It shouldn't take Tracy McGrady long to figure out what the headlines will say a few days from now: "T-MAC SUFFERS ANOTHER POST-SEASON WASHOUT!" "McMELTDOWN!" "T-MAC SACKED!"

Another year, another first-round flame-out is on the way.

Pity the $20 million-a-year player that doesn't bring home championships.

McGrady, who is on the verge of his seventh playoff series without advancing, took a brave step last post-season. Rather than getting surly and defensive, he said the Rockets' post-season success was up to him.

"It's all on me," he said.

Houston blew a two-games-to-none lead and lost to Utah in the first round.

By this year he adopted a more team-oriented approach, saying they were all in it together. Still, after Monday's loss that put the Jazz up 2-0 in this best-of-seven series, he seemed to understand nothing has changed. It's still on him.

"It is what it is," said McGrady, regarding the two-game deficit.

And what it is is proof positive that T-Mac isn't the next Michael Jordan, because Jordan won championships and McGrady just wins scoring titles. He lost in the first round once in Toronto, three times in Orlando and is approaching a third first-round exit in Houston.

Nothing to show for his work but a grimace.

The Rockets will have to win at least twice in Salt Lake — where the Jazz lost only four games all season — to move into the second round.

"There's nothing I can do about it but go out there and do what I did tonight and lead my team," he said on Monday. "I just fell short. I don't care about the criticism."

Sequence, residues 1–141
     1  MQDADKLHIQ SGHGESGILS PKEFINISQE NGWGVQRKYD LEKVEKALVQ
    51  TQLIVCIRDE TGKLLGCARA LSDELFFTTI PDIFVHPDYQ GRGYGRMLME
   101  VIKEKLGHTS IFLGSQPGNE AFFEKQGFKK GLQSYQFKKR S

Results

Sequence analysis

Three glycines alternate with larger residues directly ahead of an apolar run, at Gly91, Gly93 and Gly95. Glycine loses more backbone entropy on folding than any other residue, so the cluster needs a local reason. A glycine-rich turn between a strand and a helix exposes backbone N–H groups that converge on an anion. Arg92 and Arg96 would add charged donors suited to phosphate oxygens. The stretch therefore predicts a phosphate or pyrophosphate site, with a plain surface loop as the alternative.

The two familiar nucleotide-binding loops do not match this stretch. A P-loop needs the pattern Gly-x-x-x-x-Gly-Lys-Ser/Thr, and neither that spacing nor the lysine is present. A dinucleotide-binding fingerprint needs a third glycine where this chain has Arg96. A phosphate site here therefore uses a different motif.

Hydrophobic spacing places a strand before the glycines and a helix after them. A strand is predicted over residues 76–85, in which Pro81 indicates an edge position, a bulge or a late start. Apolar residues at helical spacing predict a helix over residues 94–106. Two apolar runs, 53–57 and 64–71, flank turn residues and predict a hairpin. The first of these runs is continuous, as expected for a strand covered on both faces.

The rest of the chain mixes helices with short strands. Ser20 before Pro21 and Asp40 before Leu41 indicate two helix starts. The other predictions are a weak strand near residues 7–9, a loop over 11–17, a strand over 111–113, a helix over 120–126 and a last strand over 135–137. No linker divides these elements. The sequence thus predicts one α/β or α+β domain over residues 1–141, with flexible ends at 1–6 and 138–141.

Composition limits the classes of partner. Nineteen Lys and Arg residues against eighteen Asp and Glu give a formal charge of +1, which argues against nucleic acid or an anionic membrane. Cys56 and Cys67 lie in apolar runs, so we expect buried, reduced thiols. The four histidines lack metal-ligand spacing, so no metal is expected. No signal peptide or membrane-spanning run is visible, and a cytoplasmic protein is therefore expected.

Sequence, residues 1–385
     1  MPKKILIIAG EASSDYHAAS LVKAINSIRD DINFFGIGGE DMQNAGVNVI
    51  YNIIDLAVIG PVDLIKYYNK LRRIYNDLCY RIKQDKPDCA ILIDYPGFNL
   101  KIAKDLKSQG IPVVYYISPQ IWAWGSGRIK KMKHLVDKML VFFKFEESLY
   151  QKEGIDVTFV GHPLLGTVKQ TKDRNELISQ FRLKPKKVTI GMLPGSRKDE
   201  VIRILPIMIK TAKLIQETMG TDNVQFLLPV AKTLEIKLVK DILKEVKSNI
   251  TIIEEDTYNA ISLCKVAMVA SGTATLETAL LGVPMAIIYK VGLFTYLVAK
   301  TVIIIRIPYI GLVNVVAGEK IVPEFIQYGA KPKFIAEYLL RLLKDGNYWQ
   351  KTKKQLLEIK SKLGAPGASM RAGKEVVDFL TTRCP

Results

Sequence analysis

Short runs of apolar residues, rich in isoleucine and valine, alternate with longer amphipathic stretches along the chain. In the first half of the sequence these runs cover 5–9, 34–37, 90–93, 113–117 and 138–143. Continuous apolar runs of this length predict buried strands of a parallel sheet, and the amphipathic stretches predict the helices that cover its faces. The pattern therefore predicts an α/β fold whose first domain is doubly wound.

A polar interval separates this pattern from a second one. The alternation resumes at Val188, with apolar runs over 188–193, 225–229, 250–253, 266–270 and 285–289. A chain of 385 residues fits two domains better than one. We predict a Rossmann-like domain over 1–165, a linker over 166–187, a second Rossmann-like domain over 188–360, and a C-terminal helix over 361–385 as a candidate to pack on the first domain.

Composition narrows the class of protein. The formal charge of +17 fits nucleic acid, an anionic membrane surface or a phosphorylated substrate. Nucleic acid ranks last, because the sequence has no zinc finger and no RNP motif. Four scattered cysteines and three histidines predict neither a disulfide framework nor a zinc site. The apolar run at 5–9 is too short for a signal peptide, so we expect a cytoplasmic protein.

Truthfully, McGrady does care. Nobody wants to be labeled a failure. Yet he isn't building a very strong case this post-season. He is 16-43 from the field overall and has made no baskets and scored just one point in the fourth quarter.

But before scorning him like an oil executive or a reptile (if there's a difference), consider this: The man is hauling an injury-depleted team through the playoffs against heavy odds.

It's not like there are a lot of options.

Meanwhile, the Jazz are taking full advantage. With Yao Ming and Rafer Alston out with injuries, Utah has ganged up on McGrady and stared down everyone else. They have been running a steady string of fresh bodies at him from start to finish: Ronnie Brewer, Andrei Kirilenko, Kyle Korver and Matt Harpring.

By the time the game is over, McGrady looks like he's been through the spin cycle.

"I'm pretty tired," he said Monday. "In the fourth quarter I didn't have anything."

So it appears McGrady will soon complete another playoff whiff. He'll be called a choker, wimp, prima donna and quitter again.

Yet it's the same McGrady who carried his team to 22 consecutive wins this year after fellow All-Star Yao went down.

He has contributed assists (16) and rebounded well (19) in the playoffs, hoping his teammates might pick up the slack. Unfortunately, the rest of the team is made of spare parts, not All-Stars. They are good players, but not great ones.

And he's still the team leader, netting 43 points in two games.

His all-time playoff scoring average is 29, four more than his regular season average. He averages more assists and rebounds in the post-season than in the regular season, too.

That's not a quitter, it's a guy desperately in need of backup.

Considering Houston's injury situation, the Jazz don't have to be tricky. They just need to know where T-Mac is at all times. Follow him from his front door, to the dry cleaners, to the pet store, to the arena and back. That should do the trick. If so, and McGrady fails again, it won't be the worst disaster ever. Karl Malone, Patrick Ewing, John Stockton and Charles Barkley all went to the NBA Finals but never won titles. Technically they're all in the same class as McGrady: great players who never won a championship.

That doesn't make any of them dogs, nor does it make McGrady a complete failure.

It simply makes him a great player who had nowhere to turn when he was all boxed up.


E-mail: [email protected]